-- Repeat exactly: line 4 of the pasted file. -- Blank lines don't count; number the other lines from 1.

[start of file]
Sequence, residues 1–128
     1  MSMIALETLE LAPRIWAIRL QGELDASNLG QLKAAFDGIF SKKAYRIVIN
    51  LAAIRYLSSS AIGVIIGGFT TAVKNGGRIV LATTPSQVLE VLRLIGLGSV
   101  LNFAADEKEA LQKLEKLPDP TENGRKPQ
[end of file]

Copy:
   101  LNFAADEKEA LQKLEKLPDP TENGRKPQ